Contents

Introduction and summary

Part 4 – Remaining matters

Miscellaneous provisions of the Judicature Act 1908

There are various other miscellaneous provisions of the 1908 Act that came to our attention during preliminary scoping of the project. These are discussed in chapter 14, where we confirm our provisional view, expressed in Issues Paper 29, that sections 18 (Crimes before 1840), 23 (Special sittings of the High Court), 26IB (Video link) and 54B (Discharge of juror or jury) are no longer required, and should not be carried over into new courts legislation.

We also conclude that section 55 of the 1908 Act (Absconding debtors) should be retained, but drafted in terms of the current District Courts Act 1947 equivalent provision, and that the maximum penalty in section 56A (Failure to respond to a witness summons) should be increased to $1,000. Sections 94 (Effect of joint judgments) and 98A (Proceedings in lieu of writs) should also be retained in new courts legislation and clarified.

Finally, we recommend section 99 (Conflicts between equity and the common law) be re-enacted unchanged in new courts legislation.

Other participants in civil cases

There are a number of situations in which participants other than the parties to a case may take part in civil proceedings. In chapter 15 we discuss four of these “other participants”: McKenzie friends (support persons for unrepresented litigants); amici curiae (“friends of the court”); interveners; and technical advisors. The focus is on the appropriate level of formal prescription required for each in new courts legislation.

We conclude in respect of each of these four participants that:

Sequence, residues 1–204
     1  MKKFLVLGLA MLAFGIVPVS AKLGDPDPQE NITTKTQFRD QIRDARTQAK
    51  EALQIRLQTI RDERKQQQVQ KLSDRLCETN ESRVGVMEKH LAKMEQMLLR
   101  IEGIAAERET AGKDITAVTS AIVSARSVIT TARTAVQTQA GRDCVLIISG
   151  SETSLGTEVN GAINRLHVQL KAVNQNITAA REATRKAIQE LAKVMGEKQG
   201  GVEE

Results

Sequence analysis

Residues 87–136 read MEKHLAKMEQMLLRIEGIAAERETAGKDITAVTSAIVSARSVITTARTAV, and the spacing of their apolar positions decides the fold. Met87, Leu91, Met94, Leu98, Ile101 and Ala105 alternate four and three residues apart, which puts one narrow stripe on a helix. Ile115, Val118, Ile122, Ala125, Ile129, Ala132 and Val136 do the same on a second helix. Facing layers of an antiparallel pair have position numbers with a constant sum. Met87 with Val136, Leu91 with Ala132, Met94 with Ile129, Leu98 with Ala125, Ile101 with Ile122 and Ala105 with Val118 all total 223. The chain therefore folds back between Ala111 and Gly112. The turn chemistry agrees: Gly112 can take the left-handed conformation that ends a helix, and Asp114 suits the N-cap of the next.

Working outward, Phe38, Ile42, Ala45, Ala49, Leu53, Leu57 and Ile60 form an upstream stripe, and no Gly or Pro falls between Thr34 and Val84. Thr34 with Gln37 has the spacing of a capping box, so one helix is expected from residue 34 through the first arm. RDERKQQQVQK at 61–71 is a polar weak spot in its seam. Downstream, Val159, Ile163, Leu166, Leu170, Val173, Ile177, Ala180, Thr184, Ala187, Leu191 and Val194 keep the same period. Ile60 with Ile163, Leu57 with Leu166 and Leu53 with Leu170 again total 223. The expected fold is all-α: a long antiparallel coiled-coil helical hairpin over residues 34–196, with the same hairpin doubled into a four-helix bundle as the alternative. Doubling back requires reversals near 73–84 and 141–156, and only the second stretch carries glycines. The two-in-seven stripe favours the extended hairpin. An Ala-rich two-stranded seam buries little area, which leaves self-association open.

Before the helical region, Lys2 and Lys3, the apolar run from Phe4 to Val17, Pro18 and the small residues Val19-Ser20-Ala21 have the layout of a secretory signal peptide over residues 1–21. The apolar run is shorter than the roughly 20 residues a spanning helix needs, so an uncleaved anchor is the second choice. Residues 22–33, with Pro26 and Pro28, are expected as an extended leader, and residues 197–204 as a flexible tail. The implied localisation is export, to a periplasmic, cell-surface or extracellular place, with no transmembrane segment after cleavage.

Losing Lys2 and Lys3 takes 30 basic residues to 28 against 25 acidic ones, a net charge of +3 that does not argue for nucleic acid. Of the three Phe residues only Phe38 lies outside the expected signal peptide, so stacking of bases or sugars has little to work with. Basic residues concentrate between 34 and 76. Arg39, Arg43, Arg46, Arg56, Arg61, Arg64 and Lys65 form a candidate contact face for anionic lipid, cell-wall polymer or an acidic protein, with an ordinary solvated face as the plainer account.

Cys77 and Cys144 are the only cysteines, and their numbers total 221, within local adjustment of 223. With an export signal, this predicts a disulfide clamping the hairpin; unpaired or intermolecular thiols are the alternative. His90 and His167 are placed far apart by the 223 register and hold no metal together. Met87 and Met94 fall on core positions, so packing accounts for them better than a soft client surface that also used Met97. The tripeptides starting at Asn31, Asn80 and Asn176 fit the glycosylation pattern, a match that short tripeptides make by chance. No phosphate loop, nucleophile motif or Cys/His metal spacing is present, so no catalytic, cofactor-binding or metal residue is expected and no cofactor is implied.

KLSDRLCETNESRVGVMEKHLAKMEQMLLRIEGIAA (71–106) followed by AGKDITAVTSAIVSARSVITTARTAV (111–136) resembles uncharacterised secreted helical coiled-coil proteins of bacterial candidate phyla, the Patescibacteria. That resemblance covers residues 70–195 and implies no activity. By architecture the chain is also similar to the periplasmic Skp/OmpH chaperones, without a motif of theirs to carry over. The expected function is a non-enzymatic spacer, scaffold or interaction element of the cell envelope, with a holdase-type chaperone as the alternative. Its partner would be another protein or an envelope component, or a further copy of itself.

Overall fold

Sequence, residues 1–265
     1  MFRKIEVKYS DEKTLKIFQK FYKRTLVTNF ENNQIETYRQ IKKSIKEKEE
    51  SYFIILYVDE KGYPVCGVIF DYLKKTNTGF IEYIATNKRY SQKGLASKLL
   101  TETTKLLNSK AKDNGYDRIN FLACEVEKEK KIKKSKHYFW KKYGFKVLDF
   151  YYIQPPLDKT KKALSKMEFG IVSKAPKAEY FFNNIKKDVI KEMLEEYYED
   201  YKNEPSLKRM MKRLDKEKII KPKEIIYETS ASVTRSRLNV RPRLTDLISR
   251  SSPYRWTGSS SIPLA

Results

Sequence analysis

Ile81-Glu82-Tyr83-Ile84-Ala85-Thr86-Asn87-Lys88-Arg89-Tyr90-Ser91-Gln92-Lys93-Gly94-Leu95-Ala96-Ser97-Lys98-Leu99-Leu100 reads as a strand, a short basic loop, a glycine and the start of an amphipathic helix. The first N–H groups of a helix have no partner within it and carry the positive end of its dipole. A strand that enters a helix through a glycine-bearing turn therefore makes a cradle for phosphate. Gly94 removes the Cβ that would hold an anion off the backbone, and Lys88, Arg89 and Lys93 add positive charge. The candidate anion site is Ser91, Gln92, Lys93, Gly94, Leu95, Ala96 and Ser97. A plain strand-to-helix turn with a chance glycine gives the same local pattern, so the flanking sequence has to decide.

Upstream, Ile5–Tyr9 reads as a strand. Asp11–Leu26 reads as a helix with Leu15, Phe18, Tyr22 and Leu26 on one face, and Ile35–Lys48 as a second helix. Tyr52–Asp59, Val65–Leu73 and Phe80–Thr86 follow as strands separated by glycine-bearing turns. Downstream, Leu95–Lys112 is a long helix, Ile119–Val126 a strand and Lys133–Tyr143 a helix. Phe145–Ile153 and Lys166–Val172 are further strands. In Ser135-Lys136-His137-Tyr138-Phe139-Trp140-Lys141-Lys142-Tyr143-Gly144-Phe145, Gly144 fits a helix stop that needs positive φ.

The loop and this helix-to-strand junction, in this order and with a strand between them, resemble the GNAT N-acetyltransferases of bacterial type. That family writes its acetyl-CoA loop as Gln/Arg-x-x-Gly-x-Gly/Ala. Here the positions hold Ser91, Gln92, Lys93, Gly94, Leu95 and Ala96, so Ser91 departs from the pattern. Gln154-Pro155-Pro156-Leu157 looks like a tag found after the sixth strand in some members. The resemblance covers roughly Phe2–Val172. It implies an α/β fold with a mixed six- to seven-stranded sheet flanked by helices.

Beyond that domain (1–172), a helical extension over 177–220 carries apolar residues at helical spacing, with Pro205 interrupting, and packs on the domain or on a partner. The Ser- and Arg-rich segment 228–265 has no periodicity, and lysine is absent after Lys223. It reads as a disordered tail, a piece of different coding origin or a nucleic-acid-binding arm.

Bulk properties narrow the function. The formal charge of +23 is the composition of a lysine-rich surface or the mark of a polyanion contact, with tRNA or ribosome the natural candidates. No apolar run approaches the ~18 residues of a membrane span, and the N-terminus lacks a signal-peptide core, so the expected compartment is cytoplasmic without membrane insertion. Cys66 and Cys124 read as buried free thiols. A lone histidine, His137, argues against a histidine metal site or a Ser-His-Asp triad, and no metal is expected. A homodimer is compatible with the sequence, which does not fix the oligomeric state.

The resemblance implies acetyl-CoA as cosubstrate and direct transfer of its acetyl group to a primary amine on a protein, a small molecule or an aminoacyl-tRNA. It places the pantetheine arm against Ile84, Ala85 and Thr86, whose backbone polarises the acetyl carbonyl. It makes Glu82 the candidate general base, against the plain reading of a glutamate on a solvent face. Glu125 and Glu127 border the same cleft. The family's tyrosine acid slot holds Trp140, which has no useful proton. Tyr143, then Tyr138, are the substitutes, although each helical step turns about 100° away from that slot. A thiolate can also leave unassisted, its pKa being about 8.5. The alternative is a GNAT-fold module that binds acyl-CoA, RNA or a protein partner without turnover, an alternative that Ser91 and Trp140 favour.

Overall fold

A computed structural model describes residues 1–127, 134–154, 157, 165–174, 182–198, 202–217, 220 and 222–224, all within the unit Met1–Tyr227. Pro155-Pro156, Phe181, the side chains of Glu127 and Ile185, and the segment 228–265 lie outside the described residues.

We also recommend that section 99A, which provides for the payment of costs for interveners or counsel assisting the Court, be re-enacted, but amended to make it clear that it only applies to these persons.

Vexatious litigants

Where someone persistently and without any reasonable ground institutes vexatious legal proceedings, the High Court may, pursuant to section 88B of the 1908 Act, restrain that person from bringing or continuing civil proceedings. In Issues Paper 29, we noted that there are a number of problems with this means of dealing with “vexatious litigants” (as they are often called). We asked submitters whether New Zealand should move to a graduated civil restraint order regime like they have in the United Kingdom, or whether we should instead “fix” section 88B.

Given the unanimous support we received in submissions for a civil restraint order regime, we recommend in chapter 16 that section 88B of the 1908 Act be replaced with a provision enabling the making of three tiers of civil restraint orders:

A full list of recommendations is attached as Appendix 5.